The Speech of Our Lives

When was the last time you listened to a long speech - a whole hour - and wanted it not to end, but to go on and on? No historical perspective seems necessary to name Barack Obama's speech the most important of the decade. It was a speech delivered without squirming, without dodging, without slips of the tongue or sloppy grammar. There were no nervous sips of water between sentences, not even a single dab of the brow.

The Cairo speech will open the next volume of great speeches that changed history, I am certain. Perhaps it was not the speech of his life; he still has two terms in office. But it was the speech of our lives, the lives of all the damned in all the areas of disaster and death.

Benjamin Netanyahu and I sat and listened together - he in his office, I at home. Neither of us had an inkling of what Obama would say, or how. After he finished, I ran to call the prime minister to tell him: This beautiful young man, Barack Hussein Obama, he's the man. He's the greatest. You don't have a chance in a face-off with him - not in rhetorical ability, depth of understanding, breadth of vision, powers of persuasion or charisma. Above all, wonder of wonders, he speaks and people believe him.

Beside the man of the future, local leaders seem less like grasshoppers than dinosaurs whose time has passed, clutching at history's tail instead of seizing it by the horns.

I didn't call Netanyahu after all, for fear that I would only add to his concern and anguish. Did anyone bother to call Osama bin Laden, who has also been sounding very worried in the last few days?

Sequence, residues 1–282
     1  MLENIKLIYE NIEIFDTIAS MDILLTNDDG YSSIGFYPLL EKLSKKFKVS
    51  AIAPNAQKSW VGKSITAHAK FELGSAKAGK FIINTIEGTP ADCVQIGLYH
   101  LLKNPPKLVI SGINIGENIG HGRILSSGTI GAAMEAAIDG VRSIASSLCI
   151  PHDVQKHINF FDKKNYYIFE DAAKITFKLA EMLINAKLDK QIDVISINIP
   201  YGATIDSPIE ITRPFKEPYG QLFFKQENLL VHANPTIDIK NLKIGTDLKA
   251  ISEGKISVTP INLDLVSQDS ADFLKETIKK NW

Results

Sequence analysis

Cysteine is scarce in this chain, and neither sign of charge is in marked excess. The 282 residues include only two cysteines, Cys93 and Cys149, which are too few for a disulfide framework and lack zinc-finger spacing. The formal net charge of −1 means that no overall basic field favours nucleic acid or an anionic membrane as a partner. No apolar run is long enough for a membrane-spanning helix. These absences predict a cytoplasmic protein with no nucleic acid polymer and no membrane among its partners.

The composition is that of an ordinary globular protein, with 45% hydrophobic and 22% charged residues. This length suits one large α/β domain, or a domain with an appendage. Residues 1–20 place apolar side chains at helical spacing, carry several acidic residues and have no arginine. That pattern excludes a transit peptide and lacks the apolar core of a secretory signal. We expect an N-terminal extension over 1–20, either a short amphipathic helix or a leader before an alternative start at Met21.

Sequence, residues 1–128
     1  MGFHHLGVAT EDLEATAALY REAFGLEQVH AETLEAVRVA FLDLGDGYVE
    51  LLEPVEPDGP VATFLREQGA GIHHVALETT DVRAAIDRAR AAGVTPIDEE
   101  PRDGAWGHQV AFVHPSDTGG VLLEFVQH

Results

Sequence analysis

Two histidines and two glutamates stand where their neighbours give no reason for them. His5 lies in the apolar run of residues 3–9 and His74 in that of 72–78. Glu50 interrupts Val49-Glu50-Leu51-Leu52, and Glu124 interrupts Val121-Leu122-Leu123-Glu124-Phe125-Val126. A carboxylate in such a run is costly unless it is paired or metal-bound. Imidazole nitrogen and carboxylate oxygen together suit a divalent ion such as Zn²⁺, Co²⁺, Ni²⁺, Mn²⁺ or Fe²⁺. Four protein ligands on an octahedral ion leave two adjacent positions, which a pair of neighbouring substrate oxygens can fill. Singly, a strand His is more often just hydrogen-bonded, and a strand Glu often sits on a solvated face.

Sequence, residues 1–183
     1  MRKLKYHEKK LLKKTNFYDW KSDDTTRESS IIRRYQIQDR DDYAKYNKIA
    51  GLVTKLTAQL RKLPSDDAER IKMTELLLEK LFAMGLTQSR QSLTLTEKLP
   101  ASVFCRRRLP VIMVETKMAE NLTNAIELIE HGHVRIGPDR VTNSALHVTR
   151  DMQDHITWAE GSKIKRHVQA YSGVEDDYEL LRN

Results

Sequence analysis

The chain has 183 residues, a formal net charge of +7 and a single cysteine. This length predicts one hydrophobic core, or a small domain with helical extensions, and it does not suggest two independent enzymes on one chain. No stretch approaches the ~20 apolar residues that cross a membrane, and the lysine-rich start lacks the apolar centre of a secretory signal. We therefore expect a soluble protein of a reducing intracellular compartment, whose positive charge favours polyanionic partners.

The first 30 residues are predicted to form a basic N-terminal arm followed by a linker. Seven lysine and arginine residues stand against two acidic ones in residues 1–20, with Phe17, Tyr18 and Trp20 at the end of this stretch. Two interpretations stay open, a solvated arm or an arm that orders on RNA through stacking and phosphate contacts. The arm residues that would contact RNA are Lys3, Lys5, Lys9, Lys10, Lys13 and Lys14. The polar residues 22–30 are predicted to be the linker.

Obama yesterday offered a broad, world-embracing vision, one more seminal and sweeping than pundits had predicted. It encompassed more than Iraq and Iran, Pakistan and Afghanistan, and the Israeli-Palestinian conflict. The new American president traveled to this region to call an end to the clash of civilizations, which had blown new wind into the tattered sails of the old cold warriors. After all, there are plenty of statesmen, academics and journalists who find it impossible to justify their existence without some little world war going on. Without that, their little lives are not worth living.

Even as more countries lock their gates in fear and hatred, the president of the world's leading state is standing up and opening everything - opening a new leaf in relations between cultures and communities, opening the shackles of old accounts and prejudices, opening doors to closed rooms and secrets, opening heads to wise insights and hearts to noble aspirations. Yes, he has a dream. May he be able to make it come true.

Dreams can be annoying, and perhaps some people will want to throw Obama into a deep hole. Already we hear scorn and derision for his feeble dreaminess, his real or fake naivete, his lofty stance, from which he can only fall. This mockery comes from important and realistic people who are utterly sober and have no delusions. People who have managed to make quite a bit of peace in their time, but mostly a lot of war. They will show this flighty rookie. If he flies too high, they will pluck his feathers and clip his wings.

After the speech, my vision cleared and suddenly everything became lucid: Netanyahu, the well-known Washingtonian, along with a few television commentators who seem to have been taken out of mothballs and a handful of Congressmen and lobbyists, will all have to rediscover their America.